Can you read information from a range of different graphs? We have seen picture graphs, dot plots, column graphs and bar graphs. Look for keys or scales on a graph to help you understand what information is being presented.
The column graph shows the number of each type of car fixed by the local mechanic.
Which car brand does the mechanic fix most often?
How many Holden or Toyota cars did the mechanic fix in total?
Check the scale on a column graph. The ticks or marks may not always be worth 1.
This video recaps how to answer questions from tables, picture graphs or column graphs, and how these strategies can be used to interpret the data on any kind of graph. Even those that are unfamiliar.
A marketing company conducted a survey to determine the market share of smartphone manufacturers. They surveyed 4000 people, and the results are given in the table below:
Which pie chart most accurately represents this data?
Pie graphs show the portion that each category takes up out of the whole. The most popular category will have the biggest piece.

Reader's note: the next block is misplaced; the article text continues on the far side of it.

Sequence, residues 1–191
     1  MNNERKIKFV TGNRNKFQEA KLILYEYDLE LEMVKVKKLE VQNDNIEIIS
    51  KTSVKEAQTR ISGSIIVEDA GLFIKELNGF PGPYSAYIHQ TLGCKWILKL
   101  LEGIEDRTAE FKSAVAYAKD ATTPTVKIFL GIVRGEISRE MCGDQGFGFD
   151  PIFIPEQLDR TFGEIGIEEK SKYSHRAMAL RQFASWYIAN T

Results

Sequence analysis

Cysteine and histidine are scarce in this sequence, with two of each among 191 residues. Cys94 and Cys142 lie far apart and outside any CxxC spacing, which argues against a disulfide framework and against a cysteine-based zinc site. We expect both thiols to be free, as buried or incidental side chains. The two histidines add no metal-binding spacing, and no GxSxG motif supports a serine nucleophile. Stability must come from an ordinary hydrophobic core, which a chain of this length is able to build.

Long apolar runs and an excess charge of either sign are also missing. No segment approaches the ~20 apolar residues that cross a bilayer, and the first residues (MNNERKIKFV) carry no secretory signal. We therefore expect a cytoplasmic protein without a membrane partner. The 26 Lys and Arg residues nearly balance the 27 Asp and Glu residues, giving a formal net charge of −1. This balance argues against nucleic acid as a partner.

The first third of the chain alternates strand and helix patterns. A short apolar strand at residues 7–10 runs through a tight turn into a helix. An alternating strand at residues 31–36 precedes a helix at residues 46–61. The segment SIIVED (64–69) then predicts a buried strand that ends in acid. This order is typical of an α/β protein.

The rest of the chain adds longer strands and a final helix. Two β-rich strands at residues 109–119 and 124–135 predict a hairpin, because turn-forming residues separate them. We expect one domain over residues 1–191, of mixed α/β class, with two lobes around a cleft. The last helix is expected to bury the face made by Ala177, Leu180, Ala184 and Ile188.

This video looks at some examples of line graphs with whole number values on the y-axis. It also shows the important features of the graph and how to create one.
A dachshund puppy is weighed every two weeks.
Construct a line graph of the information given in the table.
How much weight had the puppy gained from week 2 to week 4?
In which weeks did the puppy's weight not change?
We can use different kinds of graphs to show data, and some graphs are more suitable than others. In each case, we need to read the heading to see what the graph is showing us, as well as how our graph is labelled.
Construct displays, including column graphs, dot plots and tables, appropriate for data type, with and without the use of digital technologies
Describe and interpret different data sets in context